In December 2020 Royal Caribbean announced that it had sold its cruise ship Majesty of the Seas (IMO 8819512), but did not say who the new owner was. Recently there has been increased surveillance of the final fate of vessels no longer required by the established major shipping companies, particularly when it came to the location of where the ship was eventually broken up. Closer attention was now being paid to the buyers of old ships.
Royal Caribbean Blog said that the listing for Majesty of the Seas was now operator/manager of ‘Eaglepower Shipping Ltd’, aka SeaJets.
On February 8th IMN reported that the Majesty of the Seas, renamed “Majesty” by painting over “of the Seas”, was officially owned by Saturn Oceanway Inc. Campbell Cruise & Yacht Management Ltd was listed as the vessel manager.
By February 2021 the 1992-built, Bahamas-flagged, 64,077 gt Majesty of the Seas (as it was then officially listed) was owned by Saturn Oceanway Inc care of manager Campbell Cruise & Yacht Mgmt of Nassau, Bahamas. It was listed as entered with West of England on behalf of Saturn Oceanway Ltd.
Today, however, the vessel, still Bahamas-flagged, is described as the “Majesty” , owned by Saturn Oceanway Inc, but care of Eaglepower Shipping Ltd of Piraeus, Greece. It is still listed as entered with West of England on behalf of Saturn Oceanway Inc.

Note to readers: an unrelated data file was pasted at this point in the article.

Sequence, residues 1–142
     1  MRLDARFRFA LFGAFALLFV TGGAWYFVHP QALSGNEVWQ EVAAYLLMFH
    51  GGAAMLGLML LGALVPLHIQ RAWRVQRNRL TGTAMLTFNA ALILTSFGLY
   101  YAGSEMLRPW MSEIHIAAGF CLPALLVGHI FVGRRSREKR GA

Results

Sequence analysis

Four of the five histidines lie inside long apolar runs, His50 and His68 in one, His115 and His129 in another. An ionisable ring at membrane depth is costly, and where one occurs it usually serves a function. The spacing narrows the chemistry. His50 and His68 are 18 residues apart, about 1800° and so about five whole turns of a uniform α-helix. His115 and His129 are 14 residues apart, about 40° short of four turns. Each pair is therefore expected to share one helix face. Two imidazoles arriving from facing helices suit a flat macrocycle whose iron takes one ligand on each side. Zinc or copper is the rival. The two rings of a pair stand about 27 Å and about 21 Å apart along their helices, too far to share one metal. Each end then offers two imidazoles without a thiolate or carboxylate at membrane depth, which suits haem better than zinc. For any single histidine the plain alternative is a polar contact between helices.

Attention has perhaps been focused on the matter because SeaJets has hitherto been known, in the operating sense, as a company that ran some 14 high-speed ferries, the heaviest of which was 11,347 gt, plus three conventional ferries, the heaviest of which was 12,891 gt.
Then, in 2020, it started buying cruise ships, ranging in weight from 46,052 gt to 73,941 gt. Of the seven it is listed as purchasing in 2020, two (the Magellan IMO 8217881, and the Columbus, IMO 8611398) have been resold for demolition. Earlier this year they arrived at Alang, India. (see IMN, November 19th 2020).
In November it was hypothesized that SeaJets was planning to expand into the cruise ship sector, but to date the fate of five of these cruise ships remains uncertain, while the other two have been resold for scrapping.